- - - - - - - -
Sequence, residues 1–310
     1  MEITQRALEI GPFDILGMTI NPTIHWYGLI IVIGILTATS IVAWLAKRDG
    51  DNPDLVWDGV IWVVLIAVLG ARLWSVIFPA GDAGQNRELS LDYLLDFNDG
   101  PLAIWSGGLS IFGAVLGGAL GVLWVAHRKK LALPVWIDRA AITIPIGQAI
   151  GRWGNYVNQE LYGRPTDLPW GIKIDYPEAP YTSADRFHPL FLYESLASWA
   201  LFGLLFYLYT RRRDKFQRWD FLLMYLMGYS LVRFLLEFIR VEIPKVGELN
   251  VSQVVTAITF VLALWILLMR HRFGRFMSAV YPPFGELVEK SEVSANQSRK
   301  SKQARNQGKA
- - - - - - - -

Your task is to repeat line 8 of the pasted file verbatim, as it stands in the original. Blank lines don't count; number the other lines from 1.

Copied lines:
   301  SKQARNQGKA